Zero-knowledge proofs (ZKPs) are a cryptographic method used to prove knowledge about a piece of data, without revealing the data itself. This technique is foundational in modern cryptography, enabling a prover to convince a verifier of the validity of a statement without exposing any details about the underlying information. ZKPs are built on three core principles:

**Completeness:**The verifier will be convinced if the prover knows the correct data.**Soundness:**A dishonest prover cannot convince the verifier of a false statement.**Zero-knowledge:**The verifier learns nothing beyond the truth of the statement itself.

While ZKPs can be interactive or non-interactive, the key distinction often lies in the assumption about the verifier's honesty. Interactive proofs typically rely on an **honest verifier** for the zero-knowledge property to hold, meaning the verifier must follow the protocol correctly. Non-interactive proofs, such as zk-SNARKs and zk-STARKs, eliminate this assumption by ensuring zero-knowledge even against malicious verifiers.

**Example: The Ali Baba Cave**

The Ali Baba Cave example is a classical illustration used to conceptualize the principles of ZKPs. Imagine a cave with a circular shape, featuring a single entrance that splits into two paths, A and B, which converge at a locked door. The prover, Alice, knows the secret word to unlock this door, and she seeks to convince the verifier, Bob, that she knows this word without revealing it.

The process can be described as follows:

**Initial Setup**: Alice enters the cave and randomly selects one of the paths (A or B) without Bob knowing which path was chosen.**Challenge Issuance**: Bob, who remains outside, calls out a random challenge, asking Alice to return via a specific path (either A or B).**Proof Execution**: If Alice knows the secret word, she can use it to unlock the door, regardless of which path Bob requests. She then exits through the specified path.**Verification**: Bob observes whether Alice emerges from the correct path. If she consistently returns through the correct path over multiple iterations, Bob's confidence that Alice knows the secret word increases, even though he never learns the word itself.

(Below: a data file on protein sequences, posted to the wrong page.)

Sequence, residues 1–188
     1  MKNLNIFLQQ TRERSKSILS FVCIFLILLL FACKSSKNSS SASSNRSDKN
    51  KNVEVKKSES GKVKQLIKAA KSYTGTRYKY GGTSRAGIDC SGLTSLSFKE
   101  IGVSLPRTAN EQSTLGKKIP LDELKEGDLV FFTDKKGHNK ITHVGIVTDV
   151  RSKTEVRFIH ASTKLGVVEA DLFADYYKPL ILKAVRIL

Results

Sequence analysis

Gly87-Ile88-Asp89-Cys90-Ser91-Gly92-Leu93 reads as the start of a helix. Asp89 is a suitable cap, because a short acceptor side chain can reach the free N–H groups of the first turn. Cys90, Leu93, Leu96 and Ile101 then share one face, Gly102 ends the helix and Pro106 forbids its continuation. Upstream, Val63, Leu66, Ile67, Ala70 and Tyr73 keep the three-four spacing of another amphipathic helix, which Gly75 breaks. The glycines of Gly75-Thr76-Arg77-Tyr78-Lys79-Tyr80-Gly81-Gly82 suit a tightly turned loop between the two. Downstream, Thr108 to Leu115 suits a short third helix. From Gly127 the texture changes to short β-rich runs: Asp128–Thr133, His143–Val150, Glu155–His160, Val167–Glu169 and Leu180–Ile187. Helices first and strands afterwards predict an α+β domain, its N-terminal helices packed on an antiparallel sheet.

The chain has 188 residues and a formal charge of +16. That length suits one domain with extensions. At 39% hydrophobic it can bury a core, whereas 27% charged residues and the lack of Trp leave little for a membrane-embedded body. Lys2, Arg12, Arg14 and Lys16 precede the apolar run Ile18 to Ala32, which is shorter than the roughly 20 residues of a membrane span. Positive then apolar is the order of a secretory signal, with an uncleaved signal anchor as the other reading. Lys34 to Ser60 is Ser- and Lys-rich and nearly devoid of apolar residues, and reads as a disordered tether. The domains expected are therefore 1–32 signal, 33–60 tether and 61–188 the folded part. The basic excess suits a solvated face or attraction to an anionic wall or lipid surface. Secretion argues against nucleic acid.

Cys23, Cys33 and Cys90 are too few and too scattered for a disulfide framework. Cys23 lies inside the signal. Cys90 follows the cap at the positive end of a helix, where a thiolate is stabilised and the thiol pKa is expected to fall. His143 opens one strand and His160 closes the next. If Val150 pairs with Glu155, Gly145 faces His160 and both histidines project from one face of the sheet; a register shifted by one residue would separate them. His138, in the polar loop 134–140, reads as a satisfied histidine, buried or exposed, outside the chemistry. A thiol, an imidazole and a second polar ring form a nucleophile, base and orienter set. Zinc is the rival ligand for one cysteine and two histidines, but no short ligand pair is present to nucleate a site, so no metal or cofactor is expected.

To learn more about ZKPs you can check out this articles: Chainlink, ZKP's examples, Ethereum, Aztec

**Zero-Knowledge SNARKs (zkSNARKs)**

Zero-Knowledge Succinct Non-Interactive Arguments of Knowledge (zkSNARKs) are a special type of ZKP where the prover sends a single message to the verifier, proving knowledge of a secret without interaction. zkSNARKs offer key advantages, including succinctness (short proofs), non-interactivity, and efficient ****verification.

**How zkSNARKs Work**

zkSNARKs allow a prover to demonstrate knowledge of a secret (`w`

) without revealing it by following three steps:

**Arithmetization**: The function or statement is converted into algebraic constraints (polynomials), which the prover must solve using the secret. These constraints form a system that only someone with the correct secret (`w`

) can satisfy.**Proof Generation**: The prover creates a proof (`π`

) using the secret and public inputs. This proof is generated through cryptographic techniques and may require a trusted setup to ensure security.**Verification**: The verifier checks the proof against the constraints using public inputs, ensuring the prover's knowledge without learning the secret. This verification is efficient and can be completed in milliseconds, making zkSNARKs ideal for resource-limited environments like blockchains.

If you want to learn more about zkSNARKs you can check this articles: ENS, Cryptologie, Vitalik

**3. Noir Under the Hood**